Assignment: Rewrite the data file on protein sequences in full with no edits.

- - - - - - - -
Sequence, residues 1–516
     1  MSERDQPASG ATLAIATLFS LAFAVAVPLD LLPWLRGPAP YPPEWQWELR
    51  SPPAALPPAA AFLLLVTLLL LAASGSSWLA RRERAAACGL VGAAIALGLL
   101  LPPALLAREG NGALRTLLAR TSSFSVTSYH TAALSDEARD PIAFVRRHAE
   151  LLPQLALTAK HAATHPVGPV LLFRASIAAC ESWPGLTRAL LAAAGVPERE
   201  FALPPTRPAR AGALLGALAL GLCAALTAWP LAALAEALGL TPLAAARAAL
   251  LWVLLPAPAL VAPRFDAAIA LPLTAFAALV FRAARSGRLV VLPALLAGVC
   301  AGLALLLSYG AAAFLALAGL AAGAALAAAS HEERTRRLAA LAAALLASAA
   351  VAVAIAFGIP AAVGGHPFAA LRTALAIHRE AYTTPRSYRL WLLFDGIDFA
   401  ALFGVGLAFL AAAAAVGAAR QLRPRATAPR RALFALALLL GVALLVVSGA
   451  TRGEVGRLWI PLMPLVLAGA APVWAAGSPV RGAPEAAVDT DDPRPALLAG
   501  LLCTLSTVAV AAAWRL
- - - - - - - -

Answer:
Sequence, residues 1–516
     1  MSERDQPASG ATLAIATLFS LAFAVAVPLD LLPWLRGPAP YPPEWQWELR
    51  SPPAALPPAA AFLLLVTLLL LAASGSSWLA RRERAAACGL VGAAIALGLL
   101  LPPALLAREG NGALRTLLAR TSSFSVTSYH TAALSDEARD PIAFVRRHAE
   151  LLPQLALTAK HAATHPVGPV LLFRASIAAC ESWPGLTRAL LAAAGVPERE
   201  FALPPTRPAR AGALLGALAL GLCAALTAWP LAALAEALGL TPLAAARAAL
   251  LWVLLPAPAL VAPRFDAAIA LPLTAFAALV FRAARSGRLV VLPALLAGVC
   301  AGLALLLSYG AAAFLALAGL AAGAALAAAS HEERTRRLAA LAAALLASAA
   351  VAVAIAFGIP AAVGGHPFAA LRTALAIHRE AYTTPRSYRL WLLFDGIDFA
   401  ALFGVGLAFL AAAAAVGAAR QLRPRATAPR RALFALALLL GVALLVVSGA
   451  TRGEVGRLWI PLMPLVLAGA APVWAAGSPV RGAPEAAVDT DDPRPALLAG
   501  LLCTLSTVAV AAAWRL